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House Judiciary chair Jim Jordan seeks unredacted DOJ memo on special counsel's Trump probes

DOJ's high-stakes meeting with Trump lawyers
U.S. prosecutors meet with Trump lawyers about classified documents at Mar-a-Lago 01:29

Washington — The Republican leader of the House Judiciary Committee is asking the Justice Department to turn over an unredacted copy of a memorandum laying out the scope of special counsel Jack Smith's investigations involving former President Donald Trump and information related to Smith's appointment to oversee the probes.

Rep. Jim Jordan of Ohio, who chairs the Judiciary panel, requested the materials in a letter to Attorney General Merrick Garland on Tuesday and set a deadline of June 20 for the Justice Department to provide the committee with the memo and other documents "describing, listing, or delineating the authority and jurisdiction of the special counsel." 

Garland announced last November that Smith would serve as special counsel to oversee the Justice Department's investigation into Trump's handling of sensitive government records and possible obstruction of the inquiry. The order issued by Garland appointing Smith also authorized the special counsel to examine efforts to interfere with the transfer of power after the 2020 presidential election and the certification of Electoral College votes held on Jan. 6, 2021.

The attorney general's order, none of which was redacted, gave Smith the power to "prosecute federal crimes arising from the investigation of these matters" and refer discrete prosecutions that may arise from the probe to the appropriate U.S. attorney. The Justice Department confirmed that it received Jordan's letter but declined to comment further.

Jordan's request is part of the Judiciary Committee's investigation into the FBI's court-authorized search of Trump's South Florida residence, Mar-a-Lago, on Aug. 8, 2022. Federal investigators seized from the property 33 boxes of material, 13 of which contained just over 100 documents marked classified. 

Records made public following the search, including the redacted FBI affidavit submitted to justify the search warrant and the warrant itself, indicated Trump was under federal investigation for the removal or destruction of records, obstruction of justice and potentially violating a provision of the Espionage Act related to gathering, transmitting or losing defense information.

The FBI's search followed a monthslong effort by the National Archives and Records Administration to retrieve records Trump brought with him to South Florida after the end of his presidential administration in January 2021. 

Representatives for the former president and officials at the Archives wrangled for months behind the scenes over the materials, which the government said had to be turned over under federal records law when Trump left the White House.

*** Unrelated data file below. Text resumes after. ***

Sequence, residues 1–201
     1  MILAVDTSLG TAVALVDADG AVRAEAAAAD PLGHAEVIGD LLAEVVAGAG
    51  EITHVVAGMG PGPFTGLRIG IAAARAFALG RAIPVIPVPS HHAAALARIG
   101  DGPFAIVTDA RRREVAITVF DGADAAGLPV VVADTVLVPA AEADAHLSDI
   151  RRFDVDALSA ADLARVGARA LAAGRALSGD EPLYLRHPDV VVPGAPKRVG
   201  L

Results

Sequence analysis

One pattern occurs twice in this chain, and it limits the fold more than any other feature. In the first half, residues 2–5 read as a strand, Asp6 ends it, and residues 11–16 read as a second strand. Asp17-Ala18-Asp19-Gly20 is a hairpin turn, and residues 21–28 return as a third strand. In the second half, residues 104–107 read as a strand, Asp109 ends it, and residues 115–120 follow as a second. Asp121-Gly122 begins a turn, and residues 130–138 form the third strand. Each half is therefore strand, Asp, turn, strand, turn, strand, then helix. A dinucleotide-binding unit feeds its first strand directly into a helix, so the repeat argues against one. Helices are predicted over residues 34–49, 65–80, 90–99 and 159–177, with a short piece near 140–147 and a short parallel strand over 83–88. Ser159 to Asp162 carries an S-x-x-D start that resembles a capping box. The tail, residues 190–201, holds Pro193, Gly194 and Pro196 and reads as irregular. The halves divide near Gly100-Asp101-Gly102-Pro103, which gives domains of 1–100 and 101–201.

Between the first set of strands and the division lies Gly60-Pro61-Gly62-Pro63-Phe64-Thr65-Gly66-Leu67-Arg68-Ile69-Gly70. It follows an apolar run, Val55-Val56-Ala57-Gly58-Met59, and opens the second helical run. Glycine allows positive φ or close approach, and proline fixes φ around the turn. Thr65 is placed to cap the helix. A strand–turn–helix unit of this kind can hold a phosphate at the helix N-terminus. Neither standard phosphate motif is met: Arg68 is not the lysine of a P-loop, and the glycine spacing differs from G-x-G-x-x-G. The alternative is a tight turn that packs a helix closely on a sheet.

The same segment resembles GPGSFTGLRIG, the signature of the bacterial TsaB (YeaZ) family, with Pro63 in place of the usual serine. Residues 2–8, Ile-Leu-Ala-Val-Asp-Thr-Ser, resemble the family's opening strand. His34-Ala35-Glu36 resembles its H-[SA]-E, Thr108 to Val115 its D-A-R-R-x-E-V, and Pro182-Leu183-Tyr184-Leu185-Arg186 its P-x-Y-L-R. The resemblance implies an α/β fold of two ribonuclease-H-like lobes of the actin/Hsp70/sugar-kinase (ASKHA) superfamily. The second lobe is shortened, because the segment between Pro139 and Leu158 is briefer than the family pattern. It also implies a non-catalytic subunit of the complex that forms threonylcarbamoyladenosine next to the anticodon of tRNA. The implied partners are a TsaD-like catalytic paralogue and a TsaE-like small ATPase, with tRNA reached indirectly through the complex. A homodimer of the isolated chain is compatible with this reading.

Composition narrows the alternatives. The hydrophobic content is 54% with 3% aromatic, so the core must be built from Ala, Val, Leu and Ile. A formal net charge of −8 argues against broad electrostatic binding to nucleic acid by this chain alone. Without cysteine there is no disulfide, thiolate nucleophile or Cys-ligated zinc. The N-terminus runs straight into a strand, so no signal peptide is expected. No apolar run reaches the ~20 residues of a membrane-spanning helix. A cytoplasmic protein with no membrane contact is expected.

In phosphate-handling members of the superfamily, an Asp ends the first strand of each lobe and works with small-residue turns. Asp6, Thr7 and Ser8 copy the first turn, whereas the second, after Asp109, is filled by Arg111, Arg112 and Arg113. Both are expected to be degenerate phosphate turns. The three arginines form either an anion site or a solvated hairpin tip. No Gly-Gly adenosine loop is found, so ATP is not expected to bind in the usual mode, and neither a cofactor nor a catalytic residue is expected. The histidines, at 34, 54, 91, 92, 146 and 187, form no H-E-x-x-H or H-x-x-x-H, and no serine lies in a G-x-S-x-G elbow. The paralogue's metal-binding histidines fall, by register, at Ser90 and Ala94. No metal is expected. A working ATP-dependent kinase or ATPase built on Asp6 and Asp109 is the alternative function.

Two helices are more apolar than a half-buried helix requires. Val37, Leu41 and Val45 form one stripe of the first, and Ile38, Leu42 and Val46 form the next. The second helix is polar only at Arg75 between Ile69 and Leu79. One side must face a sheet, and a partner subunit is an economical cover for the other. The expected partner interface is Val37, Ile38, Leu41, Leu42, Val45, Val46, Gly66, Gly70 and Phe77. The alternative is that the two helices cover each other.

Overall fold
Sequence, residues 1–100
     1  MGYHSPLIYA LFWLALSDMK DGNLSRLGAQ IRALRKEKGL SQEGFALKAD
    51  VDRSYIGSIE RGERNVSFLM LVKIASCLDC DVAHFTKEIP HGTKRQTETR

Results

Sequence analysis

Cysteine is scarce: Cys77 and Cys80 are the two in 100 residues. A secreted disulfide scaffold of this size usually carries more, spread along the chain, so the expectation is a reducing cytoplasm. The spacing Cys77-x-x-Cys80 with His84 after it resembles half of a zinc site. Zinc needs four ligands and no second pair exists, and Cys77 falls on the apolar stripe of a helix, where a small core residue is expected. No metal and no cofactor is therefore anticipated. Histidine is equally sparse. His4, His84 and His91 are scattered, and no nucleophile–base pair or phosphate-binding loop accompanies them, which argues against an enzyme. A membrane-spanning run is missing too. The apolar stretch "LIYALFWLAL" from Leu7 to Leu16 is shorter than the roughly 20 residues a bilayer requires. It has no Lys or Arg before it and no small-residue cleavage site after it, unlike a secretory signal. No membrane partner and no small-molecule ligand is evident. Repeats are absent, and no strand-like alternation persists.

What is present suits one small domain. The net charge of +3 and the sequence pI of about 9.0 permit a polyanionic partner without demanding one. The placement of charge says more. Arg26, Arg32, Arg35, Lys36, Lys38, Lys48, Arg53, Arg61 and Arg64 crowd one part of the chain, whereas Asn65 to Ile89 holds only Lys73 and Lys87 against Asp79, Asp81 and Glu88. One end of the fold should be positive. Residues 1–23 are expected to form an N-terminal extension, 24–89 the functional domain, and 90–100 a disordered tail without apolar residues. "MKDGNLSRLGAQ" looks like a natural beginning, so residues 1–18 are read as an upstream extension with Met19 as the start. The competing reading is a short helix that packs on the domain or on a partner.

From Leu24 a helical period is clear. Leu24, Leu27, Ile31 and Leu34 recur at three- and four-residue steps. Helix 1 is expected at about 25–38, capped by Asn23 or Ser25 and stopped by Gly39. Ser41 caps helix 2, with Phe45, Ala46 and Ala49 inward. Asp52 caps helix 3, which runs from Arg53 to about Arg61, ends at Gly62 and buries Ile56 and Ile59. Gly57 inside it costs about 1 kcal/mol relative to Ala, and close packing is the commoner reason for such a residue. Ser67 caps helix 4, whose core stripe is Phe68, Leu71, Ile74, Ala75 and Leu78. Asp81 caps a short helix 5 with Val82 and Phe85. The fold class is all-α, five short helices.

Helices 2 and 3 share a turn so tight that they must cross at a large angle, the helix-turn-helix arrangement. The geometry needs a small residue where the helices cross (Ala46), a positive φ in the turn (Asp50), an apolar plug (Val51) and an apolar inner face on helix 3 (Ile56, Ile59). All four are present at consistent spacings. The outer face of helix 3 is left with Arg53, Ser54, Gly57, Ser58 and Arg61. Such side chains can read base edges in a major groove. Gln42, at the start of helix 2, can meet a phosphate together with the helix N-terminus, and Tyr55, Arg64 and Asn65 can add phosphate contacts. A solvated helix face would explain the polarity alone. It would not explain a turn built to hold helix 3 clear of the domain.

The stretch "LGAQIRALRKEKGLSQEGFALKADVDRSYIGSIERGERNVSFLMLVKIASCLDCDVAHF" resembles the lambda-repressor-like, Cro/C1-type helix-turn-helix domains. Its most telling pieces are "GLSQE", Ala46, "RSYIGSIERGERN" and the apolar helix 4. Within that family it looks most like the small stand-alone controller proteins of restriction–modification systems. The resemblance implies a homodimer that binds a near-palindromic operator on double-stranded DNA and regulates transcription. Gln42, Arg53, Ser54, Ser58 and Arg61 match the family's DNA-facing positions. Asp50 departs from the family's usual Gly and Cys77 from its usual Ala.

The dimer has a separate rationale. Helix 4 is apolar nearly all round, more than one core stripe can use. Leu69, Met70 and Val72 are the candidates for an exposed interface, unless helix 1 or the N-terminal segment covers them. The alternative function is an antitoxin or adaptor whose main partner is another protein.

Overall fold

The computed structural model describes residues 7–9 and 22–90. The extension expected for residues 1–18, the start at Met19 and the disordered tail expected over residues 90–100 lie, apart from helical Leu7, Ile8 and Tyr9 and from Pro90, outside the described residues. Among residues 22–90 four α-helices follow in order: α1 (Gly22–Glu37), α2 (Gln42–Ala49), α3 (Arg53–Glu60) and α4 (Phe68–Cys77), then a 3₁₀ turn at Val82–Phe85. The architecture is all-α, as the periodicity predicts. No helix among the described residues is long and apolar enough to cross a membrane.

As part of the Archives' efforts, it recovered 15 boxes containing presidential records from Mar-a-Lago in January 2022. Those boxes included 184 documents with classification markings, totaling over 700 pages. 

Then, in June 2022, after the Archives referred the matter to the Justice Department, Trump's lawyers gave federal investigators a folder containing 38 records marked classified after receiving a subpoena for "any and all" documents bearing classification markings that were in Trump's possession at Mar-a-Lago. 

In all, roughly 300 documents marked classified were recovered by federal investigators from the South Florida property after Trump left office. 

The latest request from Jordan to Garland comes as the special counsel appears to be nearing the end of his investigation into the classified documents and records recovered from Mar-a-Lago. Several sources with knowledge of the probe believe a charging decision is imminent, and Trump's attorneys met with Smith and federal prosecutors at the Justice Department on Monday.

The former president has repeatedly denied any wrongdoing, claiming that several of his predecessors left office with presidential records, which the Archives disputed. He has also alleged that he declassified the sensitive materials recovered from Mar-a-Lago, though he hasn't presented evidence of doing so, and that the materials he kept were "personal" and therefore didn't have to be turned over.

Nikole Killion and Robert Legare contributed reporting.

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